If you are online and networked, your data and personal information is out there and it does not necessarily belong to you anymore. A number of us have signed up for a service, an application, or even a network under the assumption that it is “free.” What harm is there in answering a few personal questions to join an app, network, or online service? Who would really be interested in my personal information I used when I completed that form or online agreement on that website? With a number of higher education colleagues living and working in networked spaces, we need to talk about how we have all (myself included) given away LOADS OF DATA to support our networked practices.
An introduction to the world of data online: Take a listen to Mozilla’s IRL (Online Life is Real Life) Podcast Episode 1: All Your Data Are Belong To Us.
“While you may think it’s no big deal to give away your personal data in exchange for free online services, how can you know that what you get for what you give is a fair trade?”
~Veronica Belmont, IRL Podcast: irlpodcast.org
Many of us have exchanged personal information for a “free” service, tool, technology platform, app, or network. This is common practice and almost a necessity to collaborate and communicate with others. How else can we stay in touch, share information, and participate in our personal and professional networks? Until the last few years, we have not thought much about the platforms or digital rights we have given away within these networked and digital spaces. We have witnessed a number of data breaches on popular platforms (e.g. LinkedIn and Dropbox) and we are currently gaining more insights into how scaled social networks, like Facebook, share our data with 3rd party providers (like Cambridge Analytica) and makes money off our individual profile contributions and participation in this platform.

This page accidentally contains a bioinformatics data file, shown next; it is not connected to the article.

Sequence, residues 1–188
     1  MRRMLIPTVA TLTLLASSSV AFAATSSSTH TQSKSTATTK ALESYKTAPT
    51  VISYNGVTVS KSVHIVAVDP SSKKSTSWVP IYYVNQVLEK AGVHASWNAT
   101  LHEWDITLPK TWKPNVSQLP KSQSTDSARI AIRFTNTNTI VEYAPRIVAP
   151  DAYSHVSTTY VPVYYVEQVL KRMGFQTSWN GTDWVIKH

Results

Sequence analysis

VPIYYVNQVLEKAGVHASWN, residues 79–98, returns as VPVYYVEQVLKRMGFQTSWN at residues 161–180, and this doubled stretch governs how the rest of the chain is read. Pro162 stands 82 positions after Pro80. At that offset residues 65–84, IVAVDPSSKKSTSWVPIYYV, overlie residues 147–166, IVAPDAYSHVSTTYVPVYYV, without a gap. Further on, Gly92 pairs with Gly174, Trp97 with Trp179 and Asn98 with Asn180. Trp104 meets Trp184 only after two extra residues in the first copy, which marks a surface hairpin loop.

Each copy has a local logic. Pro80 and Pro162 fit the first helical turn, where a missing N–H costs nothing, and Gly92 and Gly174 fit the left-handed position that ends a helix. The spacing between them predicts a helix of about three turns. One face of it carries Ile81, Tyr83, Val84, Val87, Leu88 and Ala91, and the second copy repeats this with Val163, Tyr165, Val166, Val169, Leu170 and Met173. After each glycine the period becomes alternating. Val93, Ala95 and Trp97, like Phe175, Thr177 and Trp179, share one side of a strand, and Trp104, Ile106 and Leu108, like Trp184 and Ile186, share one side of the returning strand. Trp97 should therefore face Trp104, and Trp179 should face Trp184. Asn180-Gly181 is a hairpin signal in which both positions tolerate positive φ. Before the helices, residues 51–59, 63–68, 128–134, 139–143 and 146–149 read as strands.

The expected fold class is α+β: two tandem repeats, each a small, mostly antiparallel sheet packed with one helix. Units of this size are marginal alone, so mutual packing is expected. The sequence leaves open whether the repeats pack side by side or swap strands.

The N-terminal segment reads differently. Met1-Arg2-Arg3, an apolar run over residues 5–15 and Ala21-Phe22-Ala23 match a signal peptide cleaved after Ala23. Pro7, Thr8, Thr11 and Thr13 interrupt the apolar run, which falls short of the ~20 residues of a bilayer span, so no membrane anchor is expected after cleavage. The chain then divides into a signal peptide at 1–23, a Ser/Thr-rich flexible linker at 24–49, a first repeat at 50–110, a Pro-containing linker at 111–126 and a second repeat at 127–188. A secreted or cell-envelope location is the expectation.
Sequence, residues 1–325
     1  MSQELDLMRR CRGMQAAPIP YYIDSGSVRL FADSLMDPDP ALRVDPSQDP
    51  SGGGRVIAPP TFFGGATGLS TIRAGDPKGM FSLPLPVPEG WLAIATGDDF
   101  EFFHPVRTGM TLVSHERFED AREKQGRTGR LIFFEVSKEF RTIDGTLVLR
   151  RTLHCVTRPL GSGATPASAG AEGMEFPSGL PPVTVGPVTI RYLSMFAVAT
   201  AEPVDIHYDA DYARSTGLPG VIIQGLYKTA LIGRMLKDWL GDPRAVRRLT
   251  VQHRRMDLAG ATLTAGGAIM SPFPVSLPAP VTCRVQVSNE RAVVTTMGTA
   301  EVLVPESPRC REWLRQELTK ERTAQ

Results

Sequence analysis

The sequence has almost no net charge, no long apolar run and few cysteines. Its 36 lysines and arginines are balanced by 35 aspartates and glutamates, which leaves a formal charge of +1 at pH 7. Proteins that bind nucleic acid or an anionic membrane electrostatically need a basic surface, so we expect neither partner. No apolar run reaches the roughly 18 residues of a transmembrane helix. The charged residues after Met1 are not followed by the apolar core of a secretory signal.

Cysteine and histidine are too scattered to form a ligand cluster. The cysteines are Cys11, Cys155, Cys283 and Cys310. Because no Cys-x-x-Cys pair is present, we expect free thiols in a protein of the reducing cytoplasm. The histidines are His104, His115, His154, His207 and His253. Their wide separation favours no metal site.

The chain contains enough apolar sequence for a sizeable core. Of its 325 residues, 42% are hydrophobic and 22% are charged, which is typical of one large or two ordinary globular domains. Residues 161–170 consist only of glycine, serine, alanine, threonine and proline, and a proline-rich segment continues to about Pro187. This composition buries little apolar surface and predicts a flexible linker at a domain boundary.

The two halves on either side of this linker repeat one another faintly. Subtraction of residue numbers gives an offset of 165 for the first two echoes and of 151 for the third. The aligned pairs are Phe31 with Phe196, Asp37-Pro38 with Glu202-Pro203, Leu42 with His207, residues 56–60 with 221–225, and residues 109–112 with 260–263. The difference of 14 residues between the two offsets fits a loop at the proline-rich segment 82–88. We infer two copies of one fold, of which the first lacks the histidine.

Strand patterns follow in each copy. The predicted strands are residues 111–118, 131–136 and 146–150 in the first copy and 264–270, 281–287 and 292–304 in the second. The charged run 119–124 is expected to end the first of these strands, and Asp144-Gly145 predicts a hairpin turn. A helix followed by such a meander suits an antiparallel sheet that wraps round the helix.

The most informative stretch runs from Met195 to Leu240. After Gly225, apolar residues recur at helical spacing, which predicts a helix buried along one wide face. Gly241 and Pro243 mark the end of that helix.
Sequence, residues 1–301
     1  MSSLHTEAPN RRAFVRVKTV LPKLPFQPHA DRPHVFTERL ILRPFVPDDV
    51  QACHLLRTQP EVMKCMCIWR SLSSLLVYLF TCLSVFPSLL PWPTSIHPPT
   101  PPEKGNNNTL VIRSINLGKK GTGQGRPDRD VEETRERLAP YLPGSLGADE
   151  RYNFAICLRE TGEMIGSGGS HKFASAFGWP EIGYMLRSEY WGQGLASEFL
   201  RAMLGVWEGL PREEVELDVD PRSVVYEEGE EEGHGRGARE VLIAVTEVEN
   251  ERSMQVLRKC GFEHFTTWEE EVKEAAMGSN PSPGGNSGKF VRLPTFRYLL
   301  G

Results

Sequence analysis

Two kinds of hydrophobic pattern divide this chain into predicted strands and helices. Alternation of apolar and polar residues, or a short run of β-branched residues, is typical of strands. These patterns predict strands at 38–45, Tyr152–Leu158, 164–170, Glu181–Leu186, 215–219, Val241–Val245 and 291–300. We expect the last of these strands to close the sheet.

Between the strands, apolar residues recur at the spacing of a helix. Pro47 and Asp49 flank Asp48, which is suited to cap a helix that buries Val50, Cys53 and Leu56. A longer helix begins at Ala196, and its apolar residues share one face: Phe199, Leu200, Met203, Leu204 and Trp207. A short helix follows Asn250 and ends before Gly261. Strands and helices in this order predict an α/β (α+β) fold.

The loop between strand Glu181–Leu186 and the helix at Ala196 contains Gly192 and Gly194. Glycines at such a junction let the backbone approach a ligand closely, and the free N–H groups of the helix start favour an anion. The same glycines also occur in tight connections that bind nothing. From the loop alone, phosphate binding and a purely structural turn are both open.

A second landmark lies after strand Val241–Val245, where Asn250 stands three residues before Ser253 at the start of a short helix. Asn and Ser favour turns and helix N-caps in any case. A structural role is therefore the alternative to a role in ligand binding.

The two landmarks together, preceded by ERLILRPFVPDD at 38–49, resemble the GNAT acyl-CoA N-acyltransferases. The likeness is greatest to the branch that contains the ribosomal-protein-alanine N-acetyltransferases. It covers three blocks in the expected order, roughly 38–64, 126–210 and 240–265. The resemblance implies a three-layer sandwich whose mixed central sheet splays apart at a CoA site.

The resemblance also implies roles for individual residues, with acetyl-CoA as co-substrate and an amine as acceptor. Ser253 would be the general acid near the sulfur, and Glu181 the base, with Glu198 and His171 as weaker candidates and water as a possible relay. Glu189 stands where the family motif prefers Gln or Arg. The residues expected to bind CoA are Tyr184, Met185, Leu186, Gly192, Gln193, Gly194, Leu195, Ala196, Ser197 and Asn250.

I have been thinking about how we guide and support postsecondary stakeholders on social media and in digital networks for quite some time [see: socialmediaguidance.wordpress.com]. As social media permeates our personal and professional lives, a growing number of higher ed colleagues (like me) have been questioning the “privacy” (a.k.a. data) policies that exist on networked platforms, like Facebook, Twitter, LinkedIn, etc. [e.g. listen to @BreakDrink podcast episode, no. 10].
I am not sure the answer is to delete or leave a networked space. As our personal information and data is already out there, and a number of us are reliant on some of these tools to do our work and lead our lives. I don’t think these networked platforms are broken, disrupted, or that we need to even save social media. I just think we need to have a frank and open conversation about the things higher ed (as a whole) have been ignoring about these network spaces and platforms. Social media is no longer viewed as a trends or a passing fad. In the past, social and digital networks, were viewed as being on the periphery of the college/university experience. As these platforms have scaled and been embraced in our society, we are witnessing real impacts and implications within our campus communities.